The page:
By John Geddie
LONDON (Reuters) - Euro zone bond yields resumed their march upwards on Tuesday as focus shifted to the pace of monetary tightening in the world's largest economy and when the U.S. central bank might start unwinding its massive balance sheet.
Yields across the bloc fell on Monday, retracing some of a sharp rise seen over the last two weeks in which the benchmark German 10-year yield has more than doubled on the growing view that the European Central Bank will begin reining in its ultra-loose policy sooner rather than later.
The ECB's Benoit Coeure is due to speak on Tuesday but analysts said they are most interested in a speech by Fed Governor Lael Brainard on the topic of normalising central banks' balance sheets, while Fed chair Janet Yellen's semi-annual testimony to Congress follows on Wednesday.
San Francisco Federal Reserve Bank President John Williams said earlier on Tuesday in Sydney that he expected the Fed to start unwinding its massive balance sheet in the next few months and for it to raise rates one more time this year.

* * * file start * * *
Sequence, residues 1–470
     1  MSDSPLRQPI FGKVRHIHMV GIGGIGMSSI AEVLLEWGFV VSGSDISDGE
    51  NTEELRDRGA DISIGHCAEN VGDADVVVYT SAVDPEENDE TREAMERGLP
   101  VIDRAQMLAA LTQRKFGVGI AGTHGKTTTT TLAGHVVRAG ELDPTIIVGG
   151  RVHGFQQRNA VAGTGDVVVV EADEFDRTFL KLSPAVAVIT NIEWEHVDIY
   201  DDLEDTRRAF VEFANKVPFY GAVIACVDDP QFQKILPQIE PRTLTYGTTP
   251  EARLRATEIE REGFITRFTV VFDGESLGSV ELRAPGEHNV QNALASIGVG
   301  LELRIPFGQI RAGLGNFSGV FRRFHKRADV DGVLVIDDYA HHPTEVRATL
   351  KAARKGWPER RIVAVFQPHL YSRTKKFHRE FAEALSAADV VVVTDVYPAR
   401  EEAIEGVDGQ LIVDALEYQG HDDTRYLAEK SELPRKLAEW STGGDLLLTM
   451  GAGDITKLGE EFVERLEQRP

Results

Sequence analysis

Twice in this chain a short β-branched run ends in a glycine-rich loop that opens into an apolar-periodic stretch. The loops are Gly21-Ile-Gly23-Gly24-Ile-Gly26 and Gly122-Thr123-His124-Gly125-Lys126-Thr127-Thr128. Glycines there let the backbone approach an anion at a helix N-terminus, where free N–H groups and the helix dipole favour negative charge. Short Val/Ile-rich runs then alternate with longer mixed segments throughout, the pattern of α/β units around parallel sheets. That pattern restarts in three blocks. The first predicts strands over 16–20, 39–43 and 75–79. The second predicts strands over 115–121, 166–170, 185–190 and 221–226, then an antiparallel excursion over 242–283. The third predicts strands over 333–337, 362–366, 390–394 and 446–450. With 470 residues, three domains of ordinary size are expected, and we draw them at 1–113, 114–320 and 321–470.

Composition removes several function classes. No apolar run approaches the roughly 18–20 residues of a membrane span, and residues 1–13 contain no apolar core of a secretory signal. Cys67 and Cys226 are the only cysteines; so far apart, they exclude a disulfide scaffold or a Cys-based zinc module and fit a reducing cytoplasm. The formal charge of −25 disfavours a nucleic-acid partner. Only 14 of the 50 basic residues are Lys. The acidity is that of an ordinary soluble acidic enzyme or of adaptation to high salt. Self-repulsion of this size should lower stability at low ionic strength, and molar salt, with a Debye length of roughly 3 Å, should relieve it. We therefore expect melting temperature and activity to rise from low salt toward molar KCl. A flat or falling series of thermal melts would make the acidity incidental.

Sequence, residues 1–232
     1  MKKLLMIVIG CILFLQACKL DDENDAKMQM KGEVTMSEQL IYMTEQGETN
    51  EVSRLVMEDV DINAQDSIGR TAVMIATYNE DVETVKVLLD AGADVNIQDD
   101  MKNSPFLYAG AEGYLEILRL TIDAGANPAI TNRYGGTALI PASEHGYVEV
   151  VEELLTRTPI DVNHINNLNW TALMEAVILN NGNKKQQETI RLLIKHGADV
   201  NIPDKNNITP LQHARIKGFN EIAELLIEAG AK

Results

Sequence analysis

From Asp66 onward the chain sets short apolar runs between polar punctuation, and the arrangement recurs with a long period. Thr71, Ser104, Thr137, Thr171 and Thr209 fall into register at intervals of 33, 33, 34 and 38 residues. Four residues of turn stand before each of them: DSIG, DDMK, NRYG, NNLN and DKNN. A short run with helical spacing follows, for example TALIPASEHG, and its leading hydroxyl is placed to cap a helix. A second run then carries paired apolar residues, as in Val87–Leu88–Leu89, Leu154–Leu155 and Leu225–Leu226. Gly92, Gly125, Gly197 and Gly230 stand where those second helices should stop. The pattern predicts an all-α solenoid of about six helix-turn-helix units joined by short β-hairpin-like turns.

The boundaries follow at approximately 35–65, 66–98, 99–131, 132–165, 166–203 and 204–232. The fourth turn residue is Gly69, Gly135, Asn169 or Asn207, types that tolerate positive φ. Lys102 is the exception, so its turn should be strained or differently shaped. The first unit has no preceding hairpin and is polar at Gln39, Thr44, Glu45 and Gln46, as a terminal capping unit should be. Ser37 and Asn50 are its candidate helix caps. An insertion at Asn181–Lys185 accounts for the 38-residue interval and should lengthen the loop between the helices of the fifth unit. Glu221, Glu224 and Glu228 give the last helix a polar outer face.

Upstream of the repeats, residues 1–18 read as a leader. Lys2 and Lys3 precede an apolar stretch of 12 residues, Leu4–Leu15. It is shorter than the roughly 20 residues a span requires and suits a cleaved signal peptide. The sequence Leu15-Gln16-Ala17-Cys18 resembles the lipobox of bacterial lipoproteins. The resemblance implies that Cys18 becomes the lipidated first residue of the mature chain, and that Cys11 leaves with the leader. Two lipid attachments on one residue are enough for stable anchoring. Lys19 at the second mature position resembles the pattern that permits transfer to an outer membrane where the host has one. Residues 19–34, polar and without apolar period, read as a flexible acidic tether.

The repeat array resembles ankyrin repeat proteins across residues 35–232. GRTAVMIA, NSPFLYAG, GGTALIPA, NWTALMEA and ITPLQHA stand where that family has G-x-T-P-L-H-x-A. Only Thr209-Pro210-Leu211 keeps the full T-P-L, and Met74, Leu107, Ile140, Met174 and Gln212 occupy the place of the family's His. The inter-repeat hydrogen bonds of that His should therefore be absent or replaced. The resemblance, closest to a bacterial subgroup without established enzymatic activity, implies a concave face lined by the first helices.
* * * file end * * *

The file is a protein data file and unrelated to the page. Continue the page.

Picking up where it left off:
"Given the recent sensitivity to central bank talk about unwinding emergency stimulus, today's speech by the Fed's Brainard... looks like a compelling read before Yellen's testimony moves into focus tomorrow," said Padhraic Garvey, global head of debt and rates strategy at ING.
Germany's 10-year yield edged up 1 basis point on Tuesday to 0.55 percent, reversing some of a near 4 basis point fall on Monday, which was the biggest daily drop in around a month.
That drop appears to have been just a pause in a sell-off that has seen Germany's 10-year yield more than double from the 0.25 percent it was at on June 27, the day ECB President Mario Draghi hinted at the possibility of tweaking the central bank's aggressive stimulus in a speech in Sintra, Portugal.
The yield remains within touching distance of an 18-month high of 0.583 percent hit in early trading on Monday.
All other euro zone bond yields were up 1-3 bps on the day.
"The concerted global pivot toward reduced monetary policy stimulus has left investors needing to balance the improved attractiveness of government bond yields after the recent selloff with anxiety over portfolio vulnerability to renewed selling pressures as central banks scale back liquidity," said Lena Komileva, managing director at G+ Economics.
(Editing by Gareth Jones)
(This story has not been edited by Business Standard staff and is auto-generated from a syndicated feed.)